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Following my other question about a specific “hidden” formula in Ptolemy’s model for Mercury, I am now looking for yet another “hidden” formula, this time the one used to find $\bar\kappa_0$ so that $OC=60$ in the figure below. We are given that $DC=60$ (in arbitrary units), that angles $AFD$ and $AEC$ are equal but of opposite direction (so $\angle AFD = -\angle AEC$), and that $OE=EF=FD$ (which is equal to 3, but I’d like to keep 3 out of the equation and just symbolize it by e (for “eccentricity”).

($A$ is the apogee of Mercury’s deferent centered on $D$. $D$ rides on the small circle centered on $F$. The Earth is at point $O$ [for “observer”]. Points $O$, $E$, and $F$ are always in a straight line with $A$. Mercury itself rides on the epicycle centered on $C$.)

While Ptolemy knew of absolutely no trigonometry and other modern mathematics, I don’t mind the answer to be expressed in modern terms, although simple trigonometry would be nice since math is not my forte.

enter image description here

P.S. I’ll also ask this question on MathSE.

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    $\begingroup$ Please check whether the conditions $OC=60$ and $DC=60$ are formulated correctly. The fact is that if they are true, then the $\Delta OEC$ cannot be right-angled. By the way, in my calculation I simply substituted $OE = e$, and instead of $R = R_D$ (that is, I replaced numbers with symbols). And I got the following equation: $-6e^2\cos(\tilde{\kappa}_0)^3+(R_D^2-4e^2)\cos(\tilde{\kappa}_0)^2+2e^2\cos(\tilde{\kappa}_0)-e^2=0$ $\endgroup$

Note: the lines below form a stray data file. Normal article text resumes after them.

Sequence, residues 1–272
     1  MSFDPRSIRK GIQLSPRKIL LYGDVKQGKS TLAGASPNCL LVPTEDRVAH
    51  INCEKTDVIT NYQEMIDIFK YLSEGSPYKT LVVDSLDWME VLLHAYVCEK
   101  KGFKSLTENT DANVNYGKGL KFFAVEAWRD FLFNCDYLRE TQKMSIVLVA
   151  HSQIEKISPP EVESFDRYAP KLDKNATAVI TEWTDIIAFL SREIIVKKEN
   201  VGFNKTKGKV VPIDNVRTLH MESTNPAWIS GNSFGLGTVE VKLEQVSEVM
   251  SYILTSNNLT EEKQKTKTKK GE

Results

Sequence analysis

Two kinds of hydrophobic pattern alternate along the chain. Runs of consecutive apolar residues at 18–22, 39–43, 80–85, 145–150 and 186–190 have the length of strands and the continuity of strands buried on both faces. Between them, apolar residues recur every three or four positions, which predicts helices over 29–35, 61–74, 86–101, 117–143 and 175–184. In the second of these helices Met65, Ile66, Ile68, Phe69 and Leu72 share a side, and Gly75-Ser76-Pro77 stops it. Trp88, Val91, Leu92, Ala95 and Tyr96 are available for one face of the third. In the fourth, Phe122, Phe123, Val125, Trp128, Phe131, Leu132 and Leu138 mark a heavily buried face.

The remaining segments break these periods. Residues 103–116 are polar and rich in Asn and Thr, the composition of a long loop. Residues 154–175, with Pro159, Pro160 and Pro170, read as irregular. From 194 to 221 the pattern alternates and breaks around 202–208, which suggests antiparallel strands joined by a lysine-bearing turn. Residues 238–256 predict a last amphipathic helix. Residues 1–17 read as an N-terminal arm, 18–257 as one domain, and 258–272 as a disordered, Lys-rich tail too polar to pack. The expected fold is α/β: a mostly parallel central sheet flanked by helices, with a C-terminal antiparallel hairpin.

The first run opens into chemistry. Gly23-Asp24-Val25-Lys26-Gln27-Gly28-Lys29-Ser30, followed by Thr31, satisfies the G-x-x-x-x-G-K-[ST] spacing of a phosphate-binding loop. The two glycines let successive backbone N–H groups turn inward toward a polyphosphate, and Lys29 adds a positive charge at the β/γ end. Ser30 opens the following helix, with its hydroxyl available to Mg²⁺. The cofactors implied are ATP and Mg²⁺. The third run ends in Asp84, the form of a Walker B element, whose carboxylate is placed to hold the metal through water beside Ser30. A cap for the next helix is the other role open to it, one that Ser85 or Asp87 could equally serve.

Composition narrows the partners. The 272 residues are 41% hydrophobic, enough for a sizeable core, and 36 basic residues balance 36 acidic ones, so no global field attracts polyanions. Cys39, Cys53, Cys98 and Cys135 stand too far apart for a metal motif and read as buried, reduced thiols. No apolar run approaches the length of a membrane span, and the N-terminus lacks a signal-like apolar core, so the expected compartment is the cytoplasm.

– ayr
    Commented Jan 4 at 15:16
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    $\begingroup$ @dtn: Yes, this is a different problem. Both $OC$ and $DC$ are here $60$ units and indeed, $\triangle OEC$ is not a right triangle. And awesome for the formula (which I guess applies to my first problem). $\endgroup$ Commented Jan 4 at 18:04
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    $\begingroup$ According to the conditions of this problem, I got this equation: $16 \left(2 R^2-e^2\right) \cos ^4(\tilde{\kappa}_0)+8 \left(7 e^2-4 R^2\right)\cos ^3(\tilde{\kappa}_0)+4 e^2 \cos ^2(\tilde{\kappa}_0)-16 \left(e^2-R^2\right) \cos (\tilde{\kappa}_0)+(5e^2-4 R^2)=0$ $\endgroup$
    – ayr
    Commented Jan 5 at 13:30
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    $\begingroup$ $\Delta OEC$ is not rectangular, but now $OC=DC$ :)) However, please note that the equation for such conditions will no longer have the 3rd, but the 4th degree. $\endgroup$
    – ayr
    Commented Jan 5 at 13:30
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    $\begingroup$ Oh my...It seems I made a mistake. The first coefficient is written as $16(2e^2-R^2)$ I mixed up $e$ and $R$ :)) Yes, your version shows exactly that, you are right. $\endgroup$
    – ayr
    Commented Jan 6 at 5:58

1 Answer 1

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I’ll write how I got the 4th degree polynomial, which is mentioned in the comments. I used the same formulas from the answer to the previous formulation of the problem. According to the conditions of the new problem, $OC = DC = R$.

That is:

$OC=\sqrt{\text{CE}^2-2 \text{CE} \cdot\text{OE} \cos(\angle\text{OEC})+\text{OE}^2}=R$

Hence:

$\text{CE}^2-2 \text{CE} \cdot\text{OE} \cos(\angle\text{OEC})+\text{OE}^2=R^2$

We also know that:

$\text{CE}=\sqrt{R^2-\text{DE}^2 \sin ^2(\text{CED})}+\text{DE} \cos (\text{CED})$

Let's substitute $CE$ into the formula for $OC$, open all the brackets and get: